The COVID-19 pandemic has had short-term positive effects on the environment, but the production, consumption and disposal of additional single-use plastics will have had a greater impact on the environment and climate, the European Environment Agency reports
Since the pandemic, air quality has improved in many countries due in part to fewer cars on the roads. However the pandemic has also led to a sudden surge in global demand for personal protective equipment (PPE), such as masks, gloves, gowns and bottles of hand sanitiser.
In addition, many restaurants switched to offering takeaway and delivery services employing single-use plastic containers. Meanwhile the number of online retailers continues to expand, with many of their products packaged in plastic.
The overall result will be increased air pollution, greenhouse gas emissions and waste generation.
At a time not exactly lacking in global challenges, the plastic crisis has temporarily receded into the background. COVID-19 has made it easy to forget that there is another problem badgering the planet and its inhabitants.
Just back in August 2020, the National Oceanography Centre in the UK pointed out the extent of microplastic pollution in the oceans in the most comprehensive study on this subject to date. According to this study, there are 12 to 21 million tonnes of waste floating in the upper water layers of the oceans, with a single cubic metre of ocean water containing up to 7,000 microplastic particles.
Science, environmental advocates and industry all agree that plastic needs a circular economy to reduce the amount of plastic waste that ends up in eco-systems. The actual measures to be taken are in dispute.
What scientists demand
In “Packaging plastics in the circular economy”, a report issued in March 2020 by the European Academies’ Science Advisory Council (EASAC), researchers from 28 European countries presented the extent of the problem and outlined approaches to resolve it. The report notes that the worldwide production of plastics has increased 20-fold since the 1960s.
In 2018, factories recorded an output of 360 million tonnes of plastics, 62 million tonnes of which were produced in Europe. Just 16% of plastic waste is collected for material recycling. The remainder is incinerated, landfilled, exported or otherwise discarded somewhere and somehow.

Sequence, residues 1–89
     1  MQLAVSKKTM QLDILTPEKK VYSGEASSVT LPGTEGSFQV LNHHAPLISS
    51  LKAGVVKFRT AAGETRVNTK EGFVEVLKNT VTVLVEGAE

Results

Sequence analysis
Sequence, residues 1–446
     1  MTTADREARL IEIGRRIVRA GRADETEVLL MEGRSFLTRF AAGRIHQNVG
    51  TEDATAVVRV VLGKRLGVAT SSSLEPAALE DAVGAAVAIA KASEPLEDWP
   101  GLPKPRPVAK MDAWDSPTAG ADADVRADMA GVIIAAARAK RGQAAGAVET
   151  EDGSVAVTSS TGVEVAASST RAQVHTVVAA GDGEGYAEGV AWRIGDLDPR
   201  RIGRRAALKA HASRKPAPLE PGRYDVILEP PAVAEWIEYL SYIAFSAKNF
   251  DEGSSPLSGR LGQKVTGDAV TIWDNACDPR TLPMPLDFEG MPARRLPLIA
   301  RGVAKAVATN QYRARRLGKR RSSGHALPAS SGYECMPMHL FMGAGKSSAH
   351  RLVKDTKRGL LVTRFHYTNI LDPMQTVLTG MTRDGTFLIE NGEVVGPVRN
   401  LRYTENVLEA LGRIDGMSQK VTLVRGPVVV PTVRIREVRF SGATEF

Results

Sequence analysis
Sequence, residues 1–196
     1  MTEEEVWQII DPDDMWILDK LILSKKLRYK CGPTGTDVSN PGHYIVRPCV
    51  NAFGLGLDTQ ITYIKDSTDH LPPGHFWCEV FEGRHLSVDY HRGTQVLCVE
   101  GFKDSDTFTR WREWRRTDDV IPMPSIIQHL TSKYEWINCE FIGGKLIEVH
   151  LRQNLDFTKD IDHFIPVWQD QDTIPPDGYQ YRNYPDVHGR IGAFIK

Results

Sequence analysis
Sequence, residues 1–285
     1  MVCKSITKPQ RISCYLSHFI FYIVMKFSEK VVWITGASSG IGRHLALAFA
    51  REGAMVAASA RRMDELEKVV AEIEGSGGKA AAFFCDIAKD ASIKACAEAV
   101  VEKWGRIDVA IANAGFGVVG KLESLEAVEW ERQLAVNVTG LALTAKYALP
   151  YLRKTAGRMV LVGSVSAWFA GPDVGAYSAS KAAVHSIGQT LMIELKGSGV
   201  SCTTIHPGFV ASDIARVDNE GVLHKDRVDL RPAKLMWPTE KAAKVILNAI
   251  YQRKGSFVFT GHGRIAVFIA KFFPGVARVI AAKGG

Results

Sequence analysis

Along with a ban on exporting plastic wastes from the EU, the EASAC scientists advocate closed-loop systems. The use of disposable packaging should be minimised and plastic wastes should no longer be landfilled.
Recycling should have tax benefits and the price of virgin plastic should be increased. The fact that virgin materials are so cheap – partly because of the low price of oil – poses a “fundamental barrier to greater demand for recycled materials” according to the report.
What environmental advocates demand
“Plastic is a gigantic climate killer and CO2 driver – but the public is still insufficiently aware of that,” says Lisa Panhuber, consumer affairs expert at Greenpeace in Austria.
The production and incineration of thousands of tonnes of plastic causes some four million tonnes of CO2 emissions every year in Austria alone – which is about one-and-a-half times the CO2 foot- print of air traffic (prior to COVID-19).
Environmental organisations are calling for disposable plastic packaging to be limited by law and for multi-use systems to be massively expanded, for instance for beverages.
“We can substantially lower oil consumption and emissions caused by plastic production if we reduce packaging and switch to multi-use systems,” Panhuber notes.
What the EU is doing
In 2019, the European Union adopted its Single-Use Plastics Directive, which must be transposed into national law by the Member States by 2021.
The EU bans, among other things, products such as cotton buds, straws or balloon sticks made of plastic as well as food packaging and beverage containers made of expanded polystyrene and prescribes the separate collection of at least 90% of plastic bottles by 2029.
At an EU summit in Brussels in August 2020, the heads of state or government agreed to a plastic waste levy of €0.80 per kilogramme (€800 per tonne) for non-recycled plastic packaging waste.
From 2021, each Member State must remit the corresponding amount to Brussels, yet has the discretion to draw this amount from its budget (i.e. funded by taxpayers) or to pass the costs on to the manufacturers, retailers and consumers.